My Dear Parishioners,

This Saturday, May 18th, Archbishop Perez ordained 3 men to the priesthood for our Archdiocese. They are:  Rev.  Fr.  Bernard  Okechukwu Ekeagwu, 29, son of Sir Patrick C. Ekeagwu and Lady Esther Ekeagwu of Nigeria, and member of Saint Colman Parish in Ardmore; Rev. Fr. Gregory H. Miller, 26, son of George and Teresa Miller of Royersford, Pennsylvania, and member of Sacred Heart Parish; and Rev. Fr. Brendan R. Zehner, 30, son of Mark and Peggy M. Zehner of Glenside, Pennsylvania, and member of Saint Luke the Evangelist Parish. Please pray for them as they assume their first assignments. While we rejoice and celebrate the ordination of these three men, I need to point out that they still are not enough. Please pray for vocations. We are in serious need. It is a good idea to encourage young men you know to consider if they are being called to the priesthood. For more information about the Diocesan Priesthood in Philadelphia, visit .

This weekend we celebrate the coming of the Holy Spirit at Pentecost. The word Pentecost comes from the word for 50. It is fifty days since we celebrated our Lord’s resurrection from the dead. Now we celebrate that the promised advocate or Holy Spirit comes to us to continue to reveal God to us, and to assist us in drawing closer to God. We need to learn to call upon and even depend more on the Holy Spirit. This is also the closing of the Easter season. After Pentecost we remove the Paschal candle from its prominent place in the sanctuary and return it to its place by the Baptism font. The Liturgical season that we will move into is called Ordinary Time and it allows us to reflect on the mysteries of Jesus’ daily life and public ministry. I found the following meditation on Pentecost online. To read the full meditation go to the Catholic Culture website:

Pentecost is the feast of the visible mission of the Holy Spirit to the apostles, to the Church, to each Christian family, and to each individual soul. By virtue of His death on the cross, the Lord has merited the grace of the sending of the Holy Spirit. Now that He is in heaven He prays for and effects the coming of the Holy Spirit, that we may grow in grace and holiness, that we may be strong and firm in faith, that we may reach perfection and share in the inheritance of Christ our head.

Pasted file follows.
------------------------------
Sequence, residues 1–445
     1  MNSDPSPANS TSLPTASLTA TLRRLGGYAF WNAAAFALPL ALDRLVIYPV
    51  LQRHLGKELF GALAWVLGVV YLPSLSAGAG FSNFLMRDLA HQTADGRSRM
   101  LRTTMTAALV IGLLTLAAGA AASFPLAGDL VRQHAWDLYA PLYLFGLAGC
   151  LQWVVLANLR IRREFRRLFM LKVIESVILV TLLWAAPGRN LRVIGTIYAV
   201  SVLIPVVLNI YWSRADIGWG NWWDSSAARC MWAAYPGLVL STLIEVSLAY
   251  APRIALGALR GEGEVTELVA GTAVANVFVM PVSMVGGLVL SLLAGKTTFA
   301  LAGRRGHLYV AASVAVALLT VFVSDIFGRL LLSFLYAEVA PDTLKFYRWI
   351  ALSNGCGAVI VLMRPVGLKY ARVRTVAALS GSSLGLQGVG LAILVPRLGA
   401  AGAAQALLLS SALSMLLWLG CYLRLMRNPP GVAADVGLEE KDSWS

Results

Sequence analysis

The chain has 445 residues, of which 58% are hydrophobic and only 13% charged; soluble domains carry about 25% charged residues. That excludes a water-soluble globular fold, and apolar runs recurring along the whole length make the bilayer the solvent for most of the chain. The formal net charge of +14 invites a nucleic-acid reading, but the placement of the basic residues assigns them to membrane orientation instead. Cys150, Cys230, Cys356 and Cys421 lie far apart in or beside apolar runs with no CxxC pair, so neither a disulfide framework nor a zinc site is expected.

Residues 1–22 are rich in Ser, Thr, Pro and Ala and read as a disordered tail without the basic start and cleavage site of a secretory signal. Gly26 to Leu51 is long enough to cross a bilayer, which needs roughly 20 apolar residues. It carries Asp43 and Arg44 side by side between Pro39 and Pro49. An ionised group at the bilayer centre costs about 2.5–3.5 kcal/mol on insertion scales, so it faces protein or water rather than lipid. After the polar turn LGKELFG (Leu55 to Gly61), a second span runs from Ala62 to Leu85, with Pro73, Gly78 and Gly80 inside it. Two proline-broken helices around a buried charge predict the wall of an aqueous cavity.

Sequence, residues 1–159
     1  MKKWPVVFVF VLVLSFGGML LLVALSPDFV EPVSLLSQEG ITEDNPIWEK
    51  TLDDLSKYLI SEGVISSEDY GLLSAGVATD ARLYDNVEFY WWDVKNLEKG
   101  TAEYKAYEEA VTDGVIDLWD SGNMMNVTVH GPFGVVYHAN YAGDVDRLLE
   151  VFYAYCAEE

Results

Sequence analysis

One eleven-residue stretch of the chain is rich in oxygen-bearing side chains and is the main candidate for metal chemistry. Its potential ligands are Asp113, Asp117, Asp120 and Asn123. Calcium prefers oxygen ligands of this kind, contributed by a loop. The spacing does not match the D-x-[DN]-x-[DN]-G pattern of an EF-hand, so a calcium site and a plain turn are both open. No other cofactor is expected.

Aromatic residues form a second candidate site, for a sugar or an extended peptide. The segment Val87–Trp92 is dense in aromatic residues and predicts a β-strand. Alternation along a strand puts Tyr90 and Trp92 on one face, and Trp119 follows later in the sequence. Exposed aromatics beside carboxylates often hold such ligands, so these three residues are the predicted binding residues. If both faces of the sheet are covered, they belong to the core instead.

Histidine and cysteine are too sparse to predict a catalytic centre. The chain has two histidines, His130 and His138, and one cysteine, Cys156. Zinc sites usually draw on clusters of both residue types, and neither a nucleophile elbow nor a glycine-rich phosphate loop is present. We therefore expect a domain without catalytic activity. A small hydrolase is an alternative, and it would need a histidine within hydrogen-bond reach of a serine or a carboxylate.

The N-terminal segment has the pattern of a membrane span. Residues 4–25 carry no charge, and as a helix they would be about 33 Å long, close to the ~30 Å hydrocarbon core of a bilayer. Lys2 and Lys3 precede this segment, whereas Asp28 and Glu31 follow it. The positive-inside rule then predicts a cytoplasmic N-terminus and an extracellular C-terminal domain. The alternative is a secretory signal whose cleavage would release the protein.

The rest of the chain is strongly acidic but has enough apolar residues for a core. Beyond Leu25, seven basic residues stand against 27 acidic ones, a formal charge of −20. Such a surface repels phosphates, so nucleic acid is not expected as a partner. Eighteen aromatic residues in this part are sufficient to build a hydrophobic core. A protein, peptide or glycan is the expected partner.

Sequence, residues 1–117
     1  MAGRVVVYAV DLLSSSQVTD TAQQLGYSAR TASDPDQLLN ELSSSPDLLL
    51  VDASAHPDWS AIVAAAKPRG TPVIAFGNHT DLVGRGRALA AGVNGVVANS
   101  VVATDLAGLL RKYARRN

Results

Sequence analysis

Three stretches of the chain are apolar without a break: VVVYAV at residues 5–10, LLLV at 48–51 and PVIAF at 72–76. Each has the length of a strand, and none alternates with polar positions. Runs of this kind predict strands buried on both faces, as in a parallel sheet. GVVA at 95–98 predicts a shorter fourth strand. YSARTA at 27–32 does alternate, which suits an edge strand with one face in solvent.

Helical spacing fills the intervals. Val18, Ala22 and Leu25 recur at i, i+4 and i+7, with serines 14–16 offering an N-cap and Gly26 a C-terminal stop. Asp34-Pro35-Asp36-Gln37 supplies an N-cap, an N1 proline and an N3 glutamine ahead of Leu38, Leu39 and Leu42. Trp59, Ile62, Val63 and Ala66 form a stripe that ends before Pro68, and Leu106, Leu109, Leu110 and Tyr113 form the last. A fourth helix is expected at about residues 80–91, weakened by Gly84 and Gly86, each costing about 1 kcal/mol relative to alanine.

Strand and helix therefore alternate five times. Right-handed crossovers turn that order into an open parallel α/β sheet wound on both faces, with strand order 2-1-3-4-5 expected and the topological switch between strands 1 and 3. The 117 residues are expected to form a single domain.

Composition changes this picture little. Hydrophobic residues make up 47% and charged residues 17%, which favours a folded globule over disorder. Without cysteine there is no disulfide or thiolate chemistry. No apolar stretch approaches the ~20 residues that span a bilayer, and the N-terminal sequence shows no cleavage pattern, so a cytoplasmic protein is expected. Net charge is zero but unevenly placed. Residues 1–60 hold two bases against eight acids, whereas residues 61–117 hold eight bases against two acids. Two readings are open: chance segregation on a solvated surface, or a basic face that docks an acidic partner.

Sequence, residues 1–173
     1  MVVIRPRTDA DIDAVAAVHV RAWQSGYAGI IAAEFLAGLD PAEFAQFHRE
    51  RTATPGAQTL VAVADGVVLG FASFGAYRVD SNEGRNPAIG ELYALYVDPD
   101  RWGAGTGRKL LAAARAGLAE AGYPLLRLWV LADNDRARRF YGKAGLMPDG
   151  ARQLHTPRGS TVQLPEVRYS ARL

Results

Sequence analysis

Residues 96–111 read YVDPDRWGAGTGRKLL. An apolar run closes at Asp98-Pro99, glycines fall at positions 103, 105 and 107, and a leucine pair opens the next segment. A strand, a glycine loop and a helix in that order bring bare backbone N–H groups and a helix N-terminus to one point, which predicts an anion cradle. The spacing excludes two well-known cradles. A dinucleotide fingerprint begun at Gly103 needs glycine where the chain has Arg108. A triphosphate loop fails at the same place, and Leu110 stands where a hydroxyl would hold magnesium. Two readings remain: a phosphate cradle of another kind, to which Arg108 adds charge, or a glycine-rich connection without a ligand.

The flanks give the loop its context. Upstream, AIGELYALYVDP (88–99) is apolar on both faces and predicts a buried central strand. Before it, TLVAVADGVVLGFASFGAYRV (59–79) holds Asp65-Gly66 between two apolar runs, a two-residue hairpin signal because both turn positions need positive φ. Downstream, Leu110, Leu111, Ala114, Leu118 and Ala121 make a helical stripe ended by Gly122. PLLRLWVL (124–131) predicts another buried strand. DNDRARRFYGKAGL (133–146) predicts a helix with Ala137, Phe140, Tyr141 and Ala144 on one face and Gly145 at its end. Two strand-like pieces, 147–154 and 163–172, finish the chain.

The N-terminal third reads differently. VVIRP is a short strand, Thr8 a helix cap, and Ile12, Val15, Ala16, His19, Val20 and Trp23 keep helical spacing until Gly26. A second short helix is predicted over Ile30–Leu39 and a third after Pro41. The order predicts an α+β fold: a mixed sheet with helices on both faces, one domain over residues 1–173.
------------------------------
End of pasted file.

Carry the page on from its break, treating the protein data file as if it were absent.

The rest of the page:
We have been elevated to the divine life by Christ, but the Holy Spirit also took part in this operation. Where the Holy Spirit is not operating, there can be no body of Christ. “The faithful become members of the body of Christ when they attain life through the Spirit of Christ,” the Holy Spirit (St. Augustine). The divine life is always given through Christ, the incarnate God. When we allow Him to do so, He always sends us the Holy Spirit, the Spirit of love. This Spirit always binds us again firmly to the Father, so that we long and strive with all our strength to be true children of the Father and to attain to perfect love. Therefore the life of Christ which was implanted in our souls by baptism (Easter) cannot be made perfect without the coming of the Holy Spirit (Pentecost).

Pentecost is the complement and the completion of Easter. Easter gives us the beginning of supernatural life and incorporation in Christ. But this new life must unfold; it must be strengthened and enkindled into a burning fire which can resist all things; it must be imbued with a love which is stronger than death, so that we are prepared to suffer all things Christ, even the sacrifice of our life. This strengthening of our spirit is brought about by our baptism with the Holy Spirit at Pentecost. The spirit of Pentecost is the spirit that makes the confessors and martyrs. It gives light, power, and unconquerable strength. This effect is visible in the apostles, who “went from the presence of the council, rejoicing that they were accounted worthy to suffer reproach for the name of Jesus” (Acts 5:41).

The feast of Pentecost is a day of thanksgiving for the foundation of the Church, in which are contained all the treasures of supernatural riches, and through which all grace and redemption are given to men. Pentecost is a day of thanksgiving for the coming of the Holy Spirit and for the establishment of the sacrament of confirmation. It is a day on which we place a joyful and grateful trust in the operation of the Holy Spirit within us, and thank Him for His inspiration and guidance. On this day we again place ourselves in the hands of the Holy Spirit with complete confidence. He should be the soul of our souls; He should reign in us, amid the ruins of our own fallen nature. Pentecost is a day of petition, a day on which we should implore the Holy Spirit for a full measure of His graces and gifts.

God Bless You!
Fr. Bordonaro